This life-size portrait bust of a young boy, originally affixed to a herm of wood or stone, was made by a gifted sculptor who endowed it with great presence. His large soulful eyes are inlaid with silver, and his hair is arranged in thick layers of curls that even cover the backs of his ears. The boy's identity is unknown since no inscription is preserved, but the high quality of the sculpture has often led to the suggestion that he represents the emperor Nero as a child. Since Nero was already 13 years old in A.D. 50, when he was adopted by his great uncle and stepfather, the emperor Claudius, it seems unlikely that he is in fact the person portrayed here. Nevertheless, the style of the bust is very much in keeping with late Julio-Claudian portraiture.
By 1876, collection of Sir Francis Cook, Doughty House, Richmond, UK; 1901-1905, collection of Wyndham F. Cook, Richmond, UK; 1905-1925, collection of Hymphrey W. Cook, Richmond, UK; July 14, 1925, purchased by Davidge through Christie’s, London (lot 118); [until 1945, with H. Blairman & Sons, Ltd., London]; [1945, purchased by Joseph Brummer from H. Blairman & Sons, Ltd.]; [1945 (arrived to New York City on February 4, 1946) – 1947, with Joseph Brummer, New York]; October 20, 1947, purchased from the Brummer estate by Albert E. Gallatin; 1947-1966, collection of Albert E. Gallatin, New York; acquired in 1966, purchased through Sotheby’s, London (lot 58).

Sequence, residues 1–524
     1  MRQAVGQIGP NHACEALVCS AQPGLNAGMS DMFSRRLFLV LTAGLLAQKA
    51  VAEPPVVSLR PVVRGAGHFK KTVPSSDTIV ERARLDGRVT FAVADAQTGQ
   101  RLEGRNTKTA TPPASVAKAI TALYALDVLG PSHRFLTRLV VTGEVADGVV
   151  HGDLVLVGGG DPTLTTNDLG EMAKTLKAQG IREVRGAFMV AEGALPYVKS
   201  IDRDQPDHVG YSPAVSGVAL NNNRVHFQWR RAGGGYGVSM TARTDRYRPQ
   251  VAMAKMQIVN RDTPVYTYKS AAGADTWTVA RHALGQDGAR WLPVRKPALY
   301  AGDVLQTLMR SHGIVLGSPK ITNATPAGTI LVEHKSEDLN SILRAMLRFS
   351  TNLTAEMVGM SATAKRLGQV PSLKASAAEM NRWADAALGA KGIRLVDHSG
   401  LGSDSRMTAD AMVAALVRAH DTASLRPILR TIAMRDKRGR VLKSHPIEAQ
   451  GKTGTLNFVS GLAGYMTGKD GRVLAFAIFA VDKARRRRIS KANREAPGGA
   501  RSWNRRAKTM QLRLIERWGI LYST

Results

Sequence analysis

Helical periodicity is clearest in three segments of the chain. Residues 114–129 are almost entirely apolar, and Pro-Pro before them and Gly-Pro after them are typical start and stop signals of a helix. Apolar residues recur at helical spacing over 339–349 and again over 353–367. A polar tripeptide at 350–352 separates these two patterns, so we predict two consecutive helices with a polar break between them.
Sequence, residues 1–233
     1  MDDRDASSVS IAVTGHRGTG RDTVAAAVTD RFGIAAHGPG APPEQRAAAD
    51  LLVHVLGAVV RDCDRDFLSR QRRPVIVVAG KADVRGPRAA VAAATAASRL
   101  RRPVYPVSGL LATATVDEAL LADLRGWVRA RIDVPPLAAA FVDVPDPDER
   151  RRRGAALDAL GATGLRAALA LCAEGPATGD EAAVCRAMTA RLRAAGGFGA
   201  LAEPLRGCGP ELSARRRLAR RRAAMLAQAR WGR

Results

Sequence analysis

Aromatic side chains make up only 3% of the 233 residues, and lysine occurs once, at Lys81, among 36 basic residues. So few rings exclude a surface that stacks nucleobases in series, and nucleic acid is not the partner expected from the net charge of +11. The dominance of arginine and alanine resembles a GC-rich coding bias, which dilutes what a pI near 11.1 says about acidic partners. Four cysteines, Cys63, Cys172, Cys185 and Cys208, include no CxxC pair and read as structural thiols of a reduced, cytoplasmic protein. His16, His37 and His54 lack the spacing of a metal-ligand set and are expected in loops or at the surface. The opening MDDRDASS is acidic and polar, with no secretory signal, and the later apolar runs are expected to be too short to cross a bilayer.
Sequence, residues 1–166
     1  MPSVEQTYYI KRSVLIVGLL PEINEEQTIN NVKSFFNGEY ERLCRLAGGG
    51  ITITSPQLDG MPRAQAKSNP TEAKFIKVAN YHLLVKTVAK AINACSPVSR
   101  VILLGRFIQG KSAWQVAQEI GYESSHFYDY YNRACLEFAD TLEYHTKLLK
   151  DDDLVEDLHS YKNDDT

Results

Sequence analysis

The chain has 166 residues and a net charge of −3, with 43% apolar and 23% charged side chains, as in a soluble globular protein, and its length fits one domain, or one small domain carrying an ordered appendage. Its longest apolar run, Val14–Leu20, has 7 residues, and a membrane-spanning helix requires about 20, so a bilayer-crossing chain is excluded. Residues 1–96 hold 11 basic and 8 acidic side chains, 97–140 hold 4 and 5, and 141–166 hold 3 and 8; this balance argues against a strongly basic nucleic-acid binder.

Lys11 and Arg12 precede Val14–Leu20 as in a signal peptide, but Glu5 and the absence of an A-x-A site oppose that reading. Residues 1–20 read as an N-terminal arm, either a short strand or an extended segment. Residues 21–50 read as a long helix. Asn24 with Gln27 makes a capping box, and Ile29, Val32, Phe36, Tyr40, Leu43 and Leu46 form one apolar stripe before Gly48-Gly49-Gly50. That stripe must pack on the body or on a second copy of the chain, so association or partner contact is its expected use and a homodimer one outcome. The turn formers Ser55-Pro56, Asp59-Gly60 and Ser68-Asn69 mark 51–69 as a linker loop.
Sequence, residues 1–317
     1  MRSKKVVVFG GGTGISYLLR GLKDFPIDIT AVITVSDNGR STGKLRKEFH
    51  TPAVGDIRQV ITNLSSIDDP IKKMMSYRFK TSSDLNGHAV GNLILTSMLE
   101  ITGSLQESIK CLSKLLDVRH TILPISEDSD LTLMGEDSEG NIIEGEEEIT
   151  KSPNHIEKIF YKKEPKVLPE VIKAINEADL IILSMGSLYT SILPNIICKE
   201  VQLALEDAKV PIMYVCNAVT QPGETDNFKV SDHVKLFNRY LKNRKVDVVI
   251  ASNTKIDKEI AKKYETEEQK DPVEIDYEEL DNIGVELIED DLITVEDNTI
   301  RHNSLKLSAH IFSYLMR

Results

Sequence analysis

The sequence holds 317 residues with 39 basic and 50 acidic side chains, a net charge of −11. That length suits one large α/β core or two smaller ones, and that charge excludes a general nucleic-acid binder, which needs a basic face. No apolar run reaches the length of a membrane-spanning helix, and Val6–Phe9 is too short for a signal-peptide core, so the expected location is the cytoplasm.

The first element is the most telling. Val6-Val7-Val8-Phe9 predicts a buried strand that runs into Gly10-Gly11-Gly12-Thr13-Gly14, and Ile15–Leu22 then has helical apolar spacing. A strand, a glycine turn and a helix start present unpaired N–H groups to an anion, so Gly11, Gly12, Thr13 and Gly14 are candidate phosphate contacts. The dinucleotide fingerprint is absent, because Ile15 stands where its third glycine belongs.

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Daehner, Jens M. and Dr. Kenneth Lapatin. 2015. Power and Pathos: Bronze Sculpture of the Hellenistic World p. 169, fig. 11.2, Los Angeles, CA: J. Paul Getty Museum.
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